Bush rebuked by the hand of God

By Phil Davison

Published: 06 November 2005


George Bush presumably knew before this weekend that the "hand of God" could be merciless. He certainly does now. Maradona, rather than Iraq, was uppermost on the US President's mind this weekend as he attended a summit of leaders from the Western hemisphere in the Argentinian beach resort of Mar del Plata.

As domestic polls informed him that he was increasingly mistrusted by his fellow Americans, Mr Bush was clearly mortified to be called "human trash" by Latin America's equivalent of Michael Jordan - the Argentinian football legend Diego Maradona.

Despite being a compatriot of Ché Guevara, Maradona is an unlikely revolutionary. He cheated at football but was forgiven on account of his genius on the field. He also screwed up with drugs and was forgiven for that, too, because he fought it and, so far, is overcoming it. But could he be a nail in George Bush's political coffin? Don't rule it out.

Anyone who has spent time in Latin America recently knows Mr Bush is the least popular US president among Latin Americans in history. Five Latin American countries have voted in left-of-centre governments since he took office. From the indigenous people through to the middle classes and even among the elite, Latin Americans increasingly seek not the American dream, but the Latin American dream. They are disillusioned with what Maradona yesterday called "the American Empire".

The so-called Fourth Summit of the Americas on Friday and yesterday was supposed to be about eradicating poverty and spreading democracy. With all respect to the diplomatic envoys and the hundreds of millions of pounds spent on making the summit happen, little significant was ever going to come out of it. As it turned out, the theme of "Bush, get out!" was eerily reminiscent of the "Yanqui, go home" of the Eighties in Nicaragua, El Salvador, Guatemala and Honduras, where the US attempted to prop up military-backed regimes.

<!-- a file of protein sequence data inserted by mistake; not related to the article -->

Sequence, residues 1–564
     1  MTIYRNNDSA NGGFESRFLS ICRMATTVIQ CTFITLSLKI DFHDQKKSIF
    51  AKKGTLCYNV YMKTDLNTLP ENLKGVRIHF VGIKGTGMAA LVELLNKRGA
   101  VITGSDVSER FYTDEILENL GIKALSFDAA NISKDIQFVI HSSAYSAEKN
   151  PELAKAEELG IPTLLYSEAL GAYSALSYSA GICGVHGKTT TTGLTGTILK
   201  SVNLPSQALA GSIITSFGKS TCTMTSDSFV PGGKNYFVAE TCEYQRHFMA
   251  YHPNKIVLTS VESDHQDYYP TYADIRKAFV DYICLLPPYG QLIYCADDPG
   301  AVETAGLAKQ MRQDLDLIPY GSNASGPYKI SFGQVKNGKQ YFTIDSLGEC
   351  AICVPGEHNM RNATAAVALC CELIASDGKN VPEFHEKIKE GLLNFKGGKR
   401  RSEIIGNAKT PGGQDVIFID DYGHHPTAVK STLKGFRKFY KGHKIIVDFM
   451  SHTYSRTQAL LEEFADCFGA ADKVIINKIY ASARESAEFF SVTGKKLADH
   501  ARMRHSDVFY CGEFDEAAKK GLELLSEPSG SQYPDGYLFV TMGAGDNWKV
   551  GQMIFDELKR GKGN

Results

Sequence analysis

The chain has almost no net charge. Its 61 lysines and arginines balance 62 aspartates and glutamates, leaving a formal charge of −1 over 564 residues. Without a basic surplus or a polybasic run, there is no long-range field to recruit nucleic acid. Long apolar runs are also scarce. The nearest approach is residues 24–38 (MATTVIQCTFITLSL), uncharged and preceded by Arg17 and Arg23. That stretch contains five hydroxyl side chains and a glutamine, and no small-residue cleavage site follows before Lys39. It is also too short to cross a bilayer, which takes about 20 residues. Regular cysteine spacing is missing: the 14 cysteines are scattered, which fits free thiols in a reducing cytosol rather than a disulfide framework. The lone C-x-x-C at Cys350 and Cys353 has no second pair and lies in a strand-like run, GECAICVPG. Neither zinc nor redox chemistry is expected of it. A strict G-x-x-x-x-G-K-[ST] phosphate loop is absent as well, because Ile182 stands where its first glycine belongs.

While Mr Bush jetted in with an entourage of advisers, diplomats, soldiers and secret service men of unheard-of proportions, Maradona and Mr Bush's new nemesis, Hugo "the new Castro" Chavez, President of oil-soaked Venezuela, rumbled in on a "peace train" from Buenos Aires. Mr Chavez, who calls Bush Señor Peligro (Mr Danger) and has accused him of planning to invade Venezuela for its oil, made his point by first attending a parallel, anti-Bush "People's Summit".

"If [Mister Bush] is desperate enough to invade us, he will find himself in a 100-year war," Mr Chavez, a retired army colonel, said. Behind Mr Chavez in the city's multi-sports stadium was an enormous portrait of Guevara. In front of him were 25,000 people and banners telling Bush that "YOU are the terrorist" and comparing him with Hitler for his policies in Iraq.

Even the mayor of Mar del Plata, Daniel Katz, was upset that Mr Bush was there. "Bush probably doesn't even know that people here are so solidly against him," he said. Mr Katz earlier this year described the American President as "the most disagreeable man on the planet".

Before Mr Bush left last night for Brazil, around 1,000 protesters, ostensibly separate from the "People's Summit" of Maradona and Mr Chavez, burned US flags and smashed shop windows in Mar del Plata.